LinkedIn discussion on PLC vs. PAC: When and where?
Users of LinkedIn’s Automation and Control Group discuss the differences between PLCs, PACs - when one option better suits a specific application.
Marketing hype or substantial differences? Users offer their observations, opinions. Should you use a PLC (programmable logic controller) or a PAC (programmable automation controller) for your next application? Is there a difference? How should you choose? Following the same topic as the cover story in this issue, users of the Automation and Control Group on LinkedIn offer their thoughts. The general consensus is that a PAC offers a higher level of sophistication.
“PAC is merely a marketing term for the more capable PLCs,” says Joseph Stevenson. “The selection of one platform or another is highly contingent on the size of the process, based on I/O count, required scalability, and what the control system needs to do with that process.”
Jeffrey T. Johannessen defines those differences in very specific terms. He observes, “A PAC is not a PLC. A PLC has a single program path, but PACs can have multiple threads or multitasking, interrupt driven I/O, and event or driven processes.”
To manufacturers and users, the key should be to use the right tool for the right job, according to Sloan Zupan. He suggests, “The application will dictate whether a PLC or a PAC is best suited. A PAC really refers to automation platforms. These platforms typically combine multiple different control disciplines on a single rack. As an example, Mitsubishi Electric offers a product called the iQ Platform, which enables users to select any combination of the following CPU types: sequence, motion, robot, CNC, and C controller. The CPUs can be mixed and matched to fit the requirements of any application perfectly. By leveraging the same power supplies, racks, I/O and communication interfaces startup, normal operation and maintenance becomes much easier. That is the value of a true PAC. On the other hand, a PLC is nice to have for stand-alone applications where sequence and positioning control are all that is needed. The PLCs are flexible in their networking capabilities and can be connected to the PAC systems easily. The same software is used for both the PLC and the PAC because the instruction sets are the same. PLC programs can be easily ported to PAC systems as the control requirements change.”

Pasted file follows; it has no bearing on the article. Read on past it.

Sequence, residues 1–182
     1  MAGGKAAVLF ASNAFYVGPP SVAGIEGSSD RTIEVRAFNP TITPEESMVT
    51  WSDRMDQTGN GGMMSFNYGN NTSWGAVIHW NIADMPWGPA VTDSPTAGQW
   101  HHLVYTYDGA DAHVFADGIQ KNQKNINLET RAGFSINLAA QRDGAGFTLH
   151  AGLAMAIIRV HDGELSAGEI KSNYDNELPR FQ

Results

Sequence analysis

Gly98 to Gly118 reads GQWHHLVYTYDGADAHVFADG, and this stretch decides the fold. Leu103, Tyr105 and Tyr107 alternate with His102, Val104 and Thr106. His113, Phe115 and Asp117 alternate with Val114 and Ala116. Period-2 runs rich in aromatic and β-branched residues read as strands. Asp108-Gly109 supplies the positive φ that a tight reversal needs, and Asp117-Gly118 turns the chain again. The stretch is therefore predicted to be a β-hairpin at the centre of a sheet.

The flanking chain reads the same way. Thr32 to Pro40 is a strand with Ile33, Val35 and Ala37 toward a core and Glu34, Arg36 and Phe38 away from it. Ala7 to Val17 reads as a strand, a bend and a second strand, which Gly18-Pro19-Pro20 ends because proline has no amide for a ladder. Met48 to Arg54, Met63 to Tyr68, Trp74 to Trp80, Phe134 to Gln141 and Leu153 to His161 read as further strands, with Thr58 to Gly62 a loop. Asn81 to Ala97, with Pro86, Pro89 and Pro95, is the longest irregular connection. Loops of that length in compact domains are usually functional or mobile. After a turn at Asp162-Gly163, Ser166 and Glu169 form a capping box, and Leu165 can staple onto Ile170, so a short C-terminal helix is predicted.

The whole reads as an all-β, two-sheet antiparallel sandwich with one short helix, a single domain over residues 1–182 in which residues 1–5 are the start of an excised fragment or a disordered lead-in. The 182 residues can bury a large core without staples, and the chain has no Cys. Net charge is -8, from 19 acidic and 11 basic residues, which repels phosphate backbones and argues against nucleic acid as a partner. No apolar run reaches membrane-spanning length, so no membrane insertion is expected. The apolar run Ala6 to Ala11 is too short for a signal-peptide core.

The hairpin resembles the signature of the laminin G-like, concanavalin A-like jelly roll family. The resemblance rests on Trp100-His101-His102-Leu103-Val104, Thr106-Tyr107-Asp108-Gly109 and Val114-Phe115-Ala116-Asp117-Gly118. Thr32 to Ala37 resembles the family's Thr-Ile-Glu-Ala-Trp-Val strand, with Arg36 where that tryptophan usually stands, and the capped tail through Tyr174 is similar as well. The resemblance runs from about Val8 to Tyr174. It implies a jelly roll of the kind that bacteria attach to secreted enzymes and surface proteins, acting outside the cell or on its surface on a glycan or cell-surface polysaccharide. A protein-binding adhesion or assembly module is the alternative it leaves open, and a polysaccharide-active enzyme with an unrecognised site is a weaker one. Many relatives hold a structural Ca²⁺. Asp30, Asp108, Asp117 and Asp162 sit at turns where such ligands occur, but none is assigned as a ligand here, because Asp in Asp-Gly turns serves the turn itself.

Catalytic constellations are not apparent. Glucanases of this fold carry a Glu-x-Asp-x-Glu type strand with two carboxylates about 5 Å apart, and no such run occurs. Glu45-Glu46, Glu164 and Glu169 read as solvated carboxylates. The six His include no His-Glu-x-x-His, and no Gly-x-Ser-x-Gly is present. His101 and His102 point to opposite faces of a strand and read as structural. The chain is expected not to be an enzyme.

Brad Sibole sees PACs as the future but believes there is still too big a price difference. “Since the automation field is following the ‘from the shop floor to the top floor’ mantra, the need of more powerful and robust systems is much needed. PAC is the future of the automation field, but it is hard to justify the cost of a PAC to PLC system at this time.” Sibole goes on to offer his own checklist for when a PAC is the better choice. He says, “Consider a PAC versus a PLC if your application requires:
- Advanced control algorithms
- Extensive database manipulation
- HMI functionality in one platform
- Integrated custom control routines
- Complex process simulation
- Very fast CPU processing, and
- Memory requirements that exceed PLC specifications.”
Samit Mathur doesn’t want to forget PLCs too quickly. To his thinking, they still have some critical advantages. “PLC-based systems are much simpler, easier to fix, and offer a simple way to communicate and with high MTBF (on the order of 50 years), low MTTR (< 2 hours). Any Tom, Dick, or Harry can replace the faulty modules and it is by far the best in industrial applications. It’s very important to understand the application before selection of program capacity of a PLC in terms of I/O count, communication interfaces, and size of application program.”
Paul Sinclair thinks that the term PAC may be a buzzword but sees key differences in functionality over other control platforms. “The best thing about a PLC or PAC is speed—the logic runs as fast as a racehorse while traditional DCS is slow,” he says. “Using a PAC/HMI combination gives an operator a real-time feeling which cannot be replicated in a DCS/HMI due to the inherently slow scan times. In a perfect world we want accuracy in our logic solvers and engaged operators watching over the process. Call it what you want: PLC, DCS, PAC, or any TLA will do as long as functionality, accuracy, and speed are product characteristics. The line is already pretty grey. My bet is that 10 years from now, DCS and PLC will be legacy products or obsolete like VHS and BETA video formats. The new kids on the block will all be PACs running on unified architecture platforms.”
-Compiled by Peter Welander, content manager for Control Engineering. Reach him at pwelander(at)cfemedia.com.
Read the cover story of this issue, PLCs and PACs, 2011 and Beyond.
Join the discussion at Control Engineering’s social sites atop www.controleng.com.
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2012 Salary Survey
In a year when manufacturing continued to lead the economic rebound, it makes sense that plant manager bonuses rebounded. Plant Engineering’s annual Salary Survey shows both wages and bonuses rose in 2012 after a retreat the year before.
Average salary across all job titles for plant floor management rose 3.5% to $95,446, and bonus compensation jumped to $15,162, a 4.2% increase from the 2010 level and double the 2011 total, which showed a sharp drop in bonus.